The peculiar investment management industry

If investors complained about Wall Street 80 years ago, they’re howling now. Industry players get richer and richer, while many investors see mediocre results after fees.

Asset management is a highly unusual and somewhat baffling industry. Here are six main examples of just how peculiar this industry is.

The asset management industry rarely delivers what it promises: Alpha

Alpha is a zero-sum game, according to Bridgewater founder Ray Dalio. By contrast, most industries are positive-sum: If you eat a great steak dinner, it doesn’t imply that others have to eat hot dogs. In asset management, each new money manager who generates alpha (returns above the passive benchmark performance) does so at the expense of other managers who underperform.

Your own investment’s value may change because of a change in the value of the underlying asset and/or market preferences. However, few investors can directly impact the value of the underlying asset, except for private equity and venture capital investors with portfolio acceleration strategies. Celebrity investors like George Soros can influence market preferences, but most of us don’t have that advantage.

Diversity and inclusion are the most readily solvable issues, and the inevitable aging of the “pale, male and stale” leaders of the industry will create room for new entrants.

In fact, it is mathematically impossible for the mean investor in a given sector to beat a low-cost index of that sector after expenses. We’d argue that money managers playing a positive-sum game include those who focus on well-developed sectors for which indices are not readily available (e.g., private companies, frontier markets, cryptocurrencies) and/or nascent asset classes.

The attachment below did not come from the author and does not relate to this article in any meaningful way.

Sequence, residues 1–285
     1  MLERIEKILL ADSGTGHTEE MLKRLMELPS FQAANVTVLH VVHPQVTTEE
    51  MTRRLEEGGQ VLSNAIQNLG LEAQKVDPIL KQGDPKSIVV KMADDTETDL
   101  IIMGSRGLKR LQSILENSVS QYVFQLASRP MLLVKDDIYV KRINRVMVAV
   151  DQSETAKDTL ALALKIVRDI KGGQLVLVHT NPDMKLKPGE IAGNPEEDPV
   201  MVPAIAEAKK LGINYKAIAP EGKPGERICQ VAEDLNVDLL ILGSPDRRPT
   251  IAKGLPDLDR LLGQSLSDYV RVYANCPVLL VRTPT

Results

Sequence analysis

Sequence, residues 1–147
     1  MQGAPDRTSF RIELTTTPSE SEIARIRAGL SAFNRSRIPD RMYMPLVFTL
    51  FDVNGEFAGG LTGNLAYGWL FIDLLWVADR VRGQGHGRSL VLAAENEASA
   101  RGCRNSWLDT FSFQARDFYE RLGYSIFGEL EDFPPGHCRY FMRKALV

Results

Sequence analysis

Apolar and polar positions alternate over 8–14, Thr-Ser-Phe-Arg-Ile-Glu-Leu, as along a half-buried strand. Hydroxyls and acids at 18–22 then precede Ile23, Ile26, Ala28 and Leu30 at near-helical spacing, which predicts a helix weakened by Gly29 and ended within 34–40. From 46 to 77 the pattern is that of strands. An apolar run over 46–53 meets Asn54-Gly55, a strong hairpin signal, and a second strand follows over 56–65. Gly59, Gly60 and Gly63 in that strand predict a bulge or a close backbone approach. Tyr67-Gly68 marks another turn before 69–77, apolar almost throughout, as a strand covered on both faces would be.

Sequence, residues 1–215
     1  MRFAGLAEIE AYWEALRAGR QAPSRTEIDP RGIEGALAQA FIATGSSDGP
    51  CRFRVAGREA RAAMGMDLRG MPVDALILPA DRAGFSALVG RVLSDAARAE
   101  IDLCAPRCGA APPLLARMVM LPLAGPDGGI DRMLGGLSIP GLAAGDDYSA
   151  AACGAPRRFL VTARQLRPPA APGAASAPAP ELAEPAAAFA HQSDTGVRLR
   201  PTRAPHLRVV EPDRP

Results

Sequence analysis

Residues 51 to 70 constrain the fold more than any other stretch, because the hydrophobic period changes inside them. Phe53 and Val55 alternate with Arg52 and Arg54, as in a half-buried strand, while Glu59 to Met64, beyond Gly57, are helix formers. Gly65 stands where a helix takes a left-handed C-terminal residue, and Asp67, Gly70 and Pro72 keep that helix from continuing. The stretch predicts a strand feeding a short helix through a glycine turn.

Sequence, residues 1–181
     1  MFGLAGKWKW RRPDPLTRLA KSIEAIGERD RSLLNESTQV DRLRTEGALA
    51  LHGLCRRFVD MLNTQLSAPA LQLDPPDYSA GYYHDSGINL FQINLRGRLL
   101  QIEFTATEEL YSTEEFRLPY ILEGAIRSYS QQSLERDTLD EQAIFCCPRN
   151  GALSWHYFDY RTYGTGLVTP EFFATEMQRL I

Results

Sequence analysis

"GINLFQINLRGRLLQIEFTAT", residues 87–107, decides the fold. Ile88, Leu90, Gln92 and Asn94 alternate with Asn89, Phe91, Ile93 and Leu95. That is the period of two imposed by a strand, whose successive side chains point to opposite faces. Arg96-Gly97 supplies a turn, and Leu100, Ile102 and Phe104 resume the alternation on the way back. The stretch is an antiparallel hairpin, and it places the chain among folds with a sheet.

For example, hedge funds, on average, have underperformed on a net-of-fees basis in both U.S. equities and bonds since 2000. The HFRI Index returned 18.3% annually during its initial 10 years from 1990 to 1999, but it returned just 3.4% annually over the 10 years to 2016. Similarly, according to Morningstar’s Active/Passive Barometer, in the five years ended October 2021, only 26.4% of U.S. large cap, 22.7% of U.S. small cap and 24.3% of global large-cap active equity mutual funds outperformed their passive competitors.

Rolling ten-year returns have steadily declined across hedge fund strategies

Rolling 10-year returns have steadily declined across hedge fund strategies. Image Credits: David Teten
Blue bar: Hedge-Fund Research Institute (HFRI) Weighted Composite Index (HFRI FWD) Aug. 2018 | (HF Annual Return %).
Green bar: S&P 500 Return (Bloomberg).
Blue line: Barclays Hedge AUM Hedge-Fund Industry; 2017 | (Hedge Fund Industry AUM $TN).

“Given better analytics, institutional investors have realized that there is little alpha and much of the excess returns are explained by risk premia,” Nicolas Rabener, managing director of FactorResearch, said.

Amit Matta, a risk management expert, observed that performance is often overstated (and risk understated) due to the illiquid nature of some of the underlying investments, which allows room to manipulate pricing in favorable ways.

However, a large group has different objectives — corporate players. “They are fully 50% of the primary market (sellers) and are material players in the secondary market (M&A), which cumulatively makes the markets a positive-sum game. It’s possible for all asset managers to make money when they buy a successful IPO or sell their holding to a corporate buyer.”

Size often hurts returns

Standard compensation models motivate money managers to add more assets under management. This contributes to the “winner takes all” trend, where we see a steadily growing concentration of AUM at the largest money managers. The argument is that large hedge funds have the resources and talent to beat markets. The reality is far from that.